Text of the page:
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France | The pension reform project examined in the Assembly in a tense atmosphere



(Paris) On the eve of the mobilization in the street, the deputies flocked to the committee on Monday for the examination of the highly contested pension reform project, with opposition increasingly raised in the face of the unfailing firmness displayed by the government.

The sixty or so parliamentarians from the Social Affairs Committee are working, article by article, on the text which provides for a decline in the legal age from 62 to 64 and an acceleration of the extension of the contribution period, before the test. in the hemicycle from February 6 on the flagship reform of Macron’s second five-year term.

The elected representatives of the Nupes left alliance came in large numbers, so much so that some had to settle between LR and RN, for lack of places on the left.

Socialist Arthur Delaporte immediately asked for “additional days” of the exam, which ends Wednesday evening. Some 7,000 amendments were tabled, including 6,000 by the left.

The tight deadlines are imposed by the vector chosen by the executive, a draft amending budget of the Secu, which limits to fifty days in total the debates in Parliament.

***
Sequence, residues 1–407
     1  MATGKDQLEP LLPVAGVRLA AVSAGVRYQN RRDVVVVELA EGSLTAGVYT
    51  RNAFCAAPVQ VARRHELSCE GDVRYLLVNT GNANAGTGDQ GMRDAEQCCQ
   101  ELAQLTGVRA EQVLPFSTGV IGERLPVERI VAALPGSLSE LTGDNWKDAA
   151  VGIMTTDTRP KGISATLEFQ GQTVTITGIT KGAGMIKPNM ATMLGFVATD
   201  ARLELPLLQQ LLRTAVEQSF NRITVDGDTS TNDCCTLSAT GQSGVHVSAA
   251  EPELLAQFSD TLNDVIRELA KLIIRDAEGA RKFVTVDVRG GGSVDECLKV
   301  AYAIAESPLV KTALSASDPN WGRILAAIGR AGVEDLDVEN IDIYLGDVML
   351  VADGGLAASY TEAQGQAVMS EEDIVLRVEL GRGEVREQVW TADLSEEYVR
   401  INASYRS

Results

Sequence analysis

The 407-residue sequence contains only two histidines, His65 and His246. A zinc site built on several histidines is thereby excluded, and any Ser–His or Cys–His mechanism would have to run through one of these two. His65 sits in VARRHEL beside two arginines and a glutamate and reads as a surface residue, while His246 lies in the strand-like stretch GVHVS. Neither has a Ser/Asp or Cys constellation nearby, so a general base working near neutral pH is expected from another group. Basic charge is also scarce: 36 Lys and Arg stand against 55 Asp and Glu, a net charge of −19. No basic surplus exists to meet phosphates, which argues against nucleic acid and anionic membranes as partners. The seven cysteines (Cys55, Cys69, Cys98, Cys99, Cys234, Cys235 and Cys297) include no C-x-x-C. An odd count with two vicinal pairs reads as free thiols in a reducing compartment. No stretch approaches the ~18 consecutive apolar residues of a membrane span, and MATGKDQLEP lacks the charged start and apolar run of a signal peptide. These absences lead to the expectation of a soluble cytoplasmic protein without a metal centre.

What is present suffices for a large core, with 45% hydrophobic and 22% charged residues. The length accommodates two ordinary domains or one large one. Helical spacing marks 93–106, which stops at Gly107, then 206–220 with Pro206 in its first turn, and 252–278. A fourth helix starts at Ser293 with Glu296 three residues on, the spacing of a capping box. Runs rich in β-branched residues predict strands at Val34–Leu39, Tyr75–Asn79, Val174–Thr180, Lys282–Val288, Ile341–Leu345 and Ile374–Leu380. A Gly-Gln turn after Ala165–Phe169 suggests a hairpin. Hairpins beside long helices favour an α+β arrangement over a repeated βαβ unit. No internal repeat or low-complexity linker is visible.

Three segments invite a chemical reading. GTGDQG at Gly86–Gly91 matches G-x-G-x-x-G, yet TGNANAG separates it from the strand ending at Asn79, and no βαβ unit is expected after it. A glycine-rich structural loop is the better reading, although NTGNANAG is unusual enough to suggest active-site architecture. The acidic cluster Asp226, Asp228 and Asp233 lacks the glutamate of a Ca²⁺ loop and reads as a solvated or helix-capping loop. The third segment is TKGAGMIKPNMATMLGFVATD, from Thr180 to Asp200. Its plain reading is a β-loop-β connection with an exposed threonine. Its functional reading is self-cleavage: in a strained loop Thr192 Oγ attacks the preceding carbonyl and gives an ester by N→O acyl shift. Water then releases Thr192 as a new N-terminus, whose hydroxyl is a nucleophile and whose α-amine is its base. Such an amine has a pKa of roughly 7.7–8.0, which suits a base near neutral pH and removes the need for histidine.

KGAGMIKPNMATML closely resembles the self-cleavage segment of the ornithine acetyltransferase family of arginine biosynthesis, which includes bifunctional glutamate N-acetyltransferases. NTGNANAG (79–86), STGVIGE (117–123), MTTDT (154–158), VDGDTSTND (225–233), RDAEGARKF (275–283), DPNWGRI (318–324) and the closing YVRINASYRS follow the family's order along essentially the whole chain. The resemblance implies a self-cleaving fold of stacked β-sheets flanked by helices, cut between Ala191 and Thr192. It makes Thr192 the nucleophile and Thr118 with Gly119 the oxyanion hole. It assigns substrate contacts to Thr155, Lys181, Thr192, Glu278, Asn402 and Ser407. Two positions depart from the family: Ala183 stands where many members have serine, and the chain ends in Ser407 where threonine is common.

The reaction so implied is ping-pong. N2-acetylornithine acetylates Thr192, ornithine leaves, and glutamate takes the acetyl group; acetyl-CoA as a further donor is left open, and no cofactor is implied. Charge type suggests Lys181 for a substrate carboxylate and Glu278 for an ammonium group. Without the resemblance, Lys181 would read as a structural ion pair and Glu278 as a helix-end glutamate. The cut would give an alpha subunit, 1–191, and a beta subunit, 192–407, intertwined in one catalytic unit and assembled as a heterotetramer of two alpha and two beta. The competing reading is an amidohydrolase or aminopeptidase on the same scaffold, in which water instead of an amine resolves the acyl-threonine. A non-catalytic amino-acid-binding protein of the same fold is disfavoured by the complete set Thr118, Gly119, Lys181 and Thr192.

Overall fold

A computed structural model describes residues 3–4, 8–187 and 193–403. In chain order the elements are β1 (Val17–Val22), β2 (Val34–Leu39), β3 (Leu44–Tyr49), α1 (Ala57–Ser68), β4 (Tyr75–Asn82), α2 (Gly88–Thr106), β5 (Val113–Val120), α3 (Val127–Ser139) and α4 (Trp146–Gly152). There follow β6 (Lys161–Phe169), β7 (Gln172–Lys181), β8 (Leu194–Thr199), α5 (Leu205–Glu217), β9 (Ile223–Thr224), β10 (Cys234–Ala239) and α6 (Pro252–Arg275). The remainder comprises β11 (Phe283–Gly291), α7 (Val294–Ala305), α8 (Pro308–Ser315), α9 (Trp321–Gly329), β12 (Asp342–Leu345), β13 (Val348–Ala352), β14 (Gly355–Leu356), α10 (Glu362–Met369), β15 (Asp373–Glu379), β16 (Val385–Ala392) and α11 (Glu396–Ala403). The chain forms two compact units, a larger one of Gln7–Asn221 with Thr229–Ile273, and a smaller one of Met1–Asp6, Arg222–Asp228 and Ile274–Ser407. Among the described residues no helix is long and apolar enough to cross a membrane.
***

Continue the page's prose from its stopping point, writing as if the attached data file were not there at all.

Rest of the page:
“More negotiable”

The tone went up a notch after Prime Minister Elisabeth Borne assured Sunday that the postponement of the legal age of departure to 64 was “no longer negotiable”.

On Monday, the leader of the LFI deputies Mathilde Panot replied to him by considering that “the withdrawal of the text is not negotiable”.

On France 2, it is the secretary general of the CFDT Laurent Berger, who warned Mme Borne, who “cannot remain deaf to this tremendous mobilization that has been created”.

For his part, the Minister of the Interior Gérald Darmanin reiterated Monday from Marseille his accusations of the weekend aimed at the Nupes, suspected of “bordering” the debate to “systematically prevent the government from moving forward”: “the borderline , I think we have seen it since this morning in committee at the National Assembly, ”he said.